31 July 2009

A Return To Pragmatism

I was finishing up Benjamin Franklin: An American Life by Walter Isaacson, when the last chapter brought up some points about a "national dichotomy that has existed" since our nation's earliest days. That is, a divide in American character; that of pragmatism versus romanticism.

At different times in American history, one side of our character is dominant over the other.
  • Religious tolerance versus evangelical faith.
  • Social mobility versus an established elite.
  • Middle-class virtues versus ethereal noble aspirations.
  • Political compromise versus bitter feuding.
  • Rationality versus romanticism,
  • Reason and intellect versus feeling, deep emotion, and subjective sensibility.
  • Tolerance and rationality versus heroic and mystical.
  • Thrift, frugality, and hard work versus gratification, passion and imagination.
  • Methodical versus transcendental.
  • Admiration for the middle class versus hatred of the bourgeoisie.
  • Industry versus idleness.
  • Learned and wise versus inspired.
At different times, our society has valued one set of values over the other. Early in American history, there was a focus on romanticism; an example being the Great Awakening. By the time of the Revolution, society had shifted to Enlightenment values, a demonstration of pragmatism. Ben Franklin is an excellent example of pragmatic values. In the early 19th century, society shifted back to romanticism, demonstrated by the Reform Movement and Thoreau and Emerson.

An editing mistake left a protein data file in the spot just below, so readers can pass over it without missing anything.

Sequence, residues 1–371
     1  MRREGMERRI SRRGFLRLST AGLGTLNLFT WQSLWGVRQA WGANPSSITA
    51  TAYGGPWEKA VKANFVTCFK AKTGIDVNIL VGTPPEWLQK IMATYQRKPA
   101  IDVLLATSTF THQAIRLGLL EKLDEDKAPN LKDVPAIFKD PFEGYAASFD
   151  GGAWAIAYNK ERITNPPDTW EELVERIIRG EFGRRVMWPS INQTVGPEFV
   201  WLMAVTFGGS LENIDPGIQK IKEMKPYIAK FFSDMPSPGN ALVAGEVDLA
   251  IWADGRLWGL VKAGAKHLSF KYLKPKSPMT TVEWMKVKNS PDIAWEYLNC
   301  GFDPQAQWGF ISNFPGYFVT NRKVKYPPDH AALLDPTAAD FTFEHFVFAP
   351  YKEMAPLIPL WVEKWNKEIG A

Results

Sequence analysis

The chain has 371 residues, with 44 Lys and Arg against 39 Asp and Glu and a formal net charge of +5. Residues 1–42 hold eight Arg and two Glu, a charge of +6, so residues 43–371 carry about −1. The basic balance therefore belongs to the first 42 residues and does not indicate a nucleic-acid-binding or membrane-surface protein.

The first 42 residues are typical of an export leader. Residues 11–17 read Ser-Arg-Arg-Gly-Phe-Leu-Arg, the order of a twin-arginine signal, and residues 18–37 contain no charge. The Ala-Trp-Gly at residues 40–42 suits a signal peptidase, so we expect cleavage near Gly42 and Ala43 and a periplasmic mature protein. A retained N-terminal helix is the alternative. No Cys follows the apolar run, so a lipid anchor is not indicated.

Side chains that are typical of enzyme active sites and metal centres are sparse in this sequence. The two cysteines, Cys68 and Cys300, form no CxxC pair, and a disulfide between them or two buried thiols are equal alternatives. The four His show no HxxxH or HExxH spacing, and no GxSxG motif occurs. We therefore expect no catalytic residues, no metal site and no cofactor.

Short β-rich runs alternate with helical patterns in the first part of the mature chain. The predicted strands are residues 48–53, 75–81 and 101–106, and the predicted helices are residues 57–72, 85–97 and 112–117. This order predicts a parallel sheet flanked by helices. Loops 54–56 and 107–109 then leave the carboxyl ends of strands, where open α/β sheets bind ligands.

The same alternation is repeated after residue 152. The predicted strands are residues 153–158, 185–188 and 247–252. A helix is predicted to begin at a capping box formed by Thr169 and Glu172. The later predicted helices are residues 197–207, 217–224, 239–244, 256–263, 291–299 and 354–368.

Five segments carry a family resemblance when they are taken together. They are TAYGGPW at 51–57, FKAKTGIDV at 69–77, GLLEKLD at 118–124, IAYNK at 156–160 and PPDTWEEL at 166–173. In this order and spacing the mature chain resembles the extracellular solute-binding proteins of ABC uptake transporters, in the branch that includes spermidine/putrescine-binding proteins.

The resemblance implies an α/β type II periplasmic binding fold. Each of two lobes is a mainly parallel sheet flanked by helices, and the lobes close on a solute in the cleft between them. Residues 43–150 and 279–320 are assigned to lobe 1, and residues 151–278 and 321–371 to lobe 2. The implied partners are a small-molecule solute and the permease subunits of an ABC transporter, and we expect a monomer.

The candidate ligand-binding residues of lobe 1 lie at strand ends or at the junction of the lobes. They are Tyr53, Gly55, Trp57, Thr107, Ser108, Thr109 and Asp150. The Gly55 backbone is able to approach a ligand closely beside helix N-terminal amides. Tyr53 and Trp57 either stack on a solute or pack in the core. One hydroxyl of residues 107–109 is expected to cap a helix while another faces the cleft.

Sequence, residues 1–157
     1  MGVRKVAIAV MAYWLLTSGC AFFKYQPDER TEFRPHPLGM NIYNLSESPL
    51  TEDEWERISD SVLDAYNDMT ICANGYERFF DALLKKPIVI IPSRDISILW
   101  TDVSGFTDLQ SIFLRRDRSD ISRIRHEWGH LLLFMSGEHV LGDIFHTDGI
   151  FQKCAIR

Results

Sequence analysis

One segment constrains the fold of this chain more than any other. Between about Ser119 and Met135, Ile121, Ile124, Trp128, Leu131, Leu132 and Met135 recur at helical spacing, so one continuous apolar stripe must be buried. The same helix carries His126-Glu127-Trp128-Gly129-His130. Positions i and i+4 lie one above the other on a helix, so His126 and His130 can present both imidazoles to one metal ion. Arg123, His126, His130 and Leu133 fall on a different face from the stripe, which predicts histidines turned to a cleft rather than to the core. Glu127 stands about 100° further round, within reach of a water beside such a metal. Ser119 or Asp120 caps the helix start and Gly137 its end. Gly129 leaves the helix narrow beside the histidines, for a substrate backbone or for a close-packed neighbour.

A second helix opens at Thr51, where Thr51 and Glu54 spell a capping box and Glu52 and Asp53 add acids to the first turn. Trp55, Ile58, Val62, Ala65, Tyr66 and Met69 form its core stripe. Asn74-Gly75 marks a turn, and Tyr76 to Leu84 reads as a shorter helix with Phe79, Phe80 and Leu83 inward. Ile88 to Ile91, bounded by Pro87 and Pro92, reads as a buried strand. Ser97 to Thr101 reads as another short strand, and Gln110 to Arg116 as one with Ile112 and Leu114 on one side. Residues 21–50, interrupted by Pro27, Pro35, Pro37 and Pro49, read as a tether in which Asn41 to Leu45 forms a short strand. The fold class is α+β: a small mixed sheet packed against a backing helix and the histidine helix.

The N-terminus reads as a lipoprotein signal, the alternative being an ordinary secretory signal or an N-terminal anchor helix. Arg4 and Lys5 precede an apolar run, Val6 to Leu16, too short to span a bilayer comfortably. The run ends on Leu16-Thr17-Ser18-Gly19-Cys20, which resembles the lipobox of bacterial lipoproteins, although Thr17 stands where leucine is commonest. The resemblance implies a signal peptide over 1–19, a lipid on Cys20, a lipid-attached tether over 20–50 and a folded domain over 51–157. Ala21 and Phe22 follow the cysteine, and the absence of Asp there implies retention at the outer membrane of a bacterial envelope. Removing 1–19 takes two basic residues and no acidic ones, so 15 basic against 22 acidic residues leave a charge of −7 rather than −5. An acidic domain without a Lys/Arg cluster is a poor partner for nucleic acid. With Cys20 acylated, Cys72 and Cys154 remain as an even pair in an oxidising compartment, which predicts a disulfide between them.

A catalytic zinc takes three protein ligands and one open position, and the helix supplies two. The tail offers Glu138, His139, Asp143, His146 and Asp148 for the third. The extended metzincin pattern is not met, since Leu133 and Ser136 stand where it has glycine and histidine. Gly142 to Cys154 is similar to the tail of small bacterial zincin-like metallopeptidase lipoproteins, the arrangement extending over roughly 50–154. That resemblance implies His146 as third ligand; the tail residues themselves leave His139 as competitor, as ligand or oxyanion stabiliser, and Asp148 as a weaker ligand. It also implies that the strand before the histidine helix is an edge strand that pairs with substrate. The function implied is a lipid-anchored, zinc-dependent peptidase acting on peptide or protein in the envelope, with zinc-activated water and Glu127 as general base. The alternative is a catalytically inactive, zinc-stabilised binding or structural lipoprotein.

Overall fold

And so it went back and forth.

During the 1930s through the 1950s, as a result of the Great Depression, American society became focused on the pragmatic. This is reflected in the values as demonstrated in the approach of politics and business of the period, but also in the literature, the popular culture, and the arts of the period.

Starting slowly in the 1950s, and growing in the 1960s, American society shifted once again to romanticism. The emphasis shifted from reason to feeling. (Do what feels good. Or even, do what feels right, the focus being on feelings.) This not only explains popular culture, but the rise of the evangelical movement as well as New Age-ism, is a clear demonstration of romanticism.

In politics, as well as the media, the consensus of shared goals and shared values broke down. Compromise became a dirty word, and emotion-based politics became the rule. Our politics went from genial compromising to vicious sniping. Society looked down on the middle class and working people. The idle, angry student protester was valued more than the quiet family oriented businessman. Emotion became the order of the day.

Now, though, another shift in American society is upon us. Perhaps over the next generation, our society, and therefore our politics, will become more pragmatic. I see some signs that this shift is occurring. For example, the weakening of evangelicals as a political force in the last election. The experience of the young adults will be that of fighting wars and fighting a recession, both experiences that produce an emphasis on practical results.

What is pragmatism? It holds that the truth of any proposition, whether it be scientific, or moral , or social, is based on how well it correlates with experimental results and produces a practical outcome.

It is my hope not only that our society will adjust, but that the Modern Whigs will be a part of this shift to a more pragmatic politics. A focus on the politics of results, of compromise, of reason. Policies being favored because they work, and bring the most benefit to our society.

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